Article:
caribshare biogas jamaica

Turning Organic waste into fuel and fertilizer while supporting local farmers

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Carol Lue the founder of CaribShare Biogas in Jamaica was kind enough to sit down and talk about her journey and experience starting a sustainable company, her plans for expansion, hopes of her Island paradise becoming more sustainable and her desire of leaving a better Jamaica for future generations.

CaribShare Biogas is a social enterprise that Carol Lue started when she wanted to return home from working in Canada. Lue wanted to create a company/product that would help her Island home of Jamaica. CaribShare turns organic waste into biogas and fertilizer; CaribShare is a social enterprise with a social mission of helping small scale farmers. Lue credits her upbringing in rural areas for her strong desire to help small farmers and Lue states that the help for farmers in Jamaica from the government is not reliable and there is a great need in this sector if Jamaica wants to stop relying so heavily on imports for most of their food. CaribShare sells organic fertilizer, which is the first organic fertilizer produced on the island, to farmers. This fertilizer is a byproduct from the anaerobic digestion of waste into biogas.

Here are some of the Q&A’s from the interview that explains exactly what CaribShare Biogas is:

Q: What is your Business?

A: CaribShare Biogas is a social enterprise that takes organic waste, such as food waste from hotels and animal waste from farmers and turns it into organic natural fertilizer and biogas. Our main aim was to demonstrate the use of biogas technology as a way of diverting waste away from landfills and using it to produce a product that the island can use.  Jamaica currently does not have any laws on recycling and waste management therefore presenting another way to deal with waste that doesn’t fill up landfills is very important to me. I believe that Climate resilience is so important and one of the ways to help the climate especially on an island with limited space is to reduce the amount of waste that ends up in the landfill.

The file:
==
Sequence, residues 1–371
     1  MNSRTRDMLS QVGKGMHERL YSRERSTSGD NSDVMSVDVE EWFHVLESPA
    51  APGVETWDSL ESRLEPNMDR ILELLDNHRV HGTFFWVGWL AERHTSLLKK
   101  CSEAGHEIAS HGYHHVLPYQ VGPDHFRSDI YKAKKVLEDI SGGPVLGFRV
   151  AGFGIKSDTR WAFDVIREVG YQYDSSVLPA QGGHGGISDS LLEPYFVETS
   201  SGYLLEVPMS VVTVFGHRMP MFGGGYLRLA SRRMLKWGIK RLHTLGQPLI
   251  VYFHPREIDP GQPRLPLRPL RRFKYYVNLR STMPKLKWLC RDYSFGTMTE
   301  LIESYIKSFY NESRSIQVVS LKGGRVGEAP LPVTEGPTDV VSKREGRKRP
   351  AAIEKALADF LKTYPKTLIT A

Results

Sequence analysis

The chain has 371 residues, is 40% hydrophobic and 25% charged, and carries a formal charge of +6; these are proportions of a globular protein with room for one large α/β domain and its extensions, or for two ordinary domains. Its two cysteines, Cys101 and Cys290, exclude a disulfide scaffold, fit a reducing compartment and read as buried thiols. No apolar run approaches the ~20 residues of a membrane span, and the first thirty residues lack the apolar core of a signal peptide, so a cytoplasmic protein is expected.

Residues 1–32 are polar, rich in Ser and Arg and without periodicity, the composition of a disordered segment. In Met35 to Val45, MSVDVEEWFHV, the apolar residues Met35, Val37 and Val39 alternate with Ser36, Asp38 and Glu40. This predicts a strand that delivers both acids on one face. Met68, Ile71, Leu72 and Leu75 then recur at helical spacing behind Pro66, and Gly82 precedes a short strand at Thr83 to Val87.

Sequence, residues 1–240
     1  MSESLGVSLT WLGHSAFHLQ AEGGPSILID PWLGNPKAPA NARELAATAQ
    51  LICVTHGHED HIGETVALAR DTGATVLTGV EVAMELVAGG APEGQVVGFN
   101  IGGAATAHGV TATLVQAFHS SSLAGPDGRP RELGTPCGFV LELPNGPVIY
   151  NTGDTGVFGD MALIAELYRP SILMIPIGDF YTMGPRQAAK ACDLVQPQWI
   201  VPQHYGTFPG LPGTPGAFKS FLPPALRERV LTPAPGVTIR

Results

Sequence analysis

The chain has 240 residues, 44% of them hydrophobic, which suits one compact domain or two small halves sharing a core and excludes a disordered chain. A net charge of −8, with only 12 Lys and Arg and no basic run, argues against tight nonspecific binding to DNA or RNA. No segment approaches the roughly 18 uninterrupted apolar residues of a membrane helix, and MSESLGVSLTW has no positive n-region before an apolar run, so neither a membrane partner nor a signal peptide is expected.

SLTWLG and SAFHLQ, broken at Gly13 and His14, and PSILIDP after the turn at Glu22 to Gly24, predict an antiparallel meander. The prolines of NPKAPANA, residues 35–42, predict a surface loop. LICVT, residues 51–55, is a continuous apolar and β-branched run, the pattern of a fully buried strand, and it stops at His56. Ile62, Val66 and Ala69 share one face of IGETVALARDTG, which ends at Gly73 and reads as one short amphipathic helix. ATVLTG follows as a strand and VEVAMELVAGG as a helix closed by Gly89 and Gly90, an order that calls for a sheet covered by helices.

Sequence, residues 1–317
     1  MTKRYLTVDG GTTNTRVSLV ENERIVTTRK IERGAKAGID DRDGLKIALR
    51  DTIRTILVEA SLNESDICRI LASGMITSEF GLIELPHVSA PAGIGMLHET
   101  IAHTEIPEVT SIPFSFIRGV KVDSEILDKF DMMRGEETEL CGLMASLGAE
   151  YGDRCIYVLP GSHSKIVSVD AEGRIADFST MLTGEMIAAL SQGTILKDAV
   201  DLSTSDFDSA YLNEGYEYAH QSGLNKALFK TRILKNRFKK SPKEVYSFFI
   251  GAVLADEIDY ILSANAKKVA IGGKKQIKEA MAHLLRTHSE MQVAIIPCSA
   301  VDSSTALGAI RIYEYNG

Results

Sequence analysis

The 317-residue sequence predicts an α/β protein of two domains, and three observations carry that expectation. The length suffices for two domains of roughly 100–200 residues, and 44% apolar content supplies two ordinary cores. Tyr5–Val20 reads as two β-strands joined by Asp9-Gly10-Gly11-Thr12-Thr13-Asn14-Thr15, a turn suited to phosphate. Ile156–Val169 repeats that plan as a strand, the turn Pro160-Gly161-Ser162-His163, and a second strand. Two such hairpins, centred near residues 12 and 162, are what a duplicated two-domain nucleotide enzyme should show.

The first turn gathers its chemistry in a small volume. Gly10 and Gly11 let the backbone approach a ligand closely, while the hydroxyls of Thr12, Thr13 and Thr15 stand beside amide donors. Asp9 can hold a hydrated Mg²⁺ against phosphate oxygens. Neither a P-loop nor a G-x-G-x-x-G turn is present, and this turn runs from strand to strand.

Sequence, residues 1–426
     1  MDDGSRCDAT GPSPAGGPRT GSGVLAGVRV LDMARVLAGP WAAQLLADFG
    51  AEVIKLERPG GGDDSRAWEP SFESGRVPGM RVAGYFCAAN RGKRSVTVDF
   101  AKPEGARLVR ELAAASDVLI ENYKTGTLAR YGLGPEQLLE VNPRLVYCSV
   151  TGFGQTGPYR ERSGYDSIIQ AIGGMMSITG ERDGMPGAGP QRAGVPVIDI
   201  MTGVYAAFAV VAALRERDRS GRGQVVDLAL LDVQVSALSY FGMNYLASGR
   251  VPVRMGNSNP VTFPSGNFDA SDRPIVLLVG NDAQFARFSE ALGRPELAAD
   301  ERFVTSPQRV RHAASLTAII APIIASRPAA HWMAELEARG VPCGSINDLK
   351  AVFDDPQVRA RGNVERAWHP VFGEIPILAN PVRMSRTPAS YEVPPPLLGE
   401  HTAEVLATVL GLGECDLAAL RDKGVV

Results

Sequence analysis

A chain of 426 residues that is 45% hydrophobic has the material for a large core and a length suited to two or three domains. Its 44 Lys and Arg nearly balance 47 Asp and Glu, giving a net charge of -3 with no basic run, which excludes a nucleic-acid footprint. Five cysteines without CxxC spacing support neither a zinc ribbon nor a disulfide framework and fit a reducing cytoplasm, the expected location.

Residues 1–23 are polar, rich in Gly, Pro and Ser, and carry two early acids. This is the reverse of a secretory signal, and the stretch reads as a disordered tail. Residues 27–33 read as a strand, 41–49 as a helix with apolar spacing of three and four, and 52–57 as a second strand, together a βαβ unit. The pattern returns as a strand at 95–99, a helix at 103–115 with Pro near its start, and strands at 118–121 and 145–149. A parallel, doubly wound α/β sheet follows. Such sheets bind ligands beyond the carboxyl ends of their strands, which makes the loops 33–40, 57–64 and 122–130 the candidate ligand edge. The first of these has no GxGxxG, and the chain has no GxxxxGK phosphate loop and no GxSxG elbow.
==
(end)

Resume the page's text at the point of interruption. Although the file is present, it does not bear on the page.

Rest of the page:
Q: What are your relevant aspirations?

A: My main aim is to try and reduce the dependency on fossil fuels by offering an alternative source of energy as well as reducing the amount of organic waste that ends up in landfills every year.

Q: What are your relevant challenges/pain points:

A: We have had a lot of challenges and setbacks but that is usual for a startup. Our main challenge has been with the technology behind the production of our biogas. It has taken a long time for our anaerobic digesters to start producing biogas and for us to find the perfect balance of organic waste to make the highest quality fertilizers. We are looking for other partners to improve our technology and hopefully increase our production of biogas.

Q: What motivated you to start a sustainable company?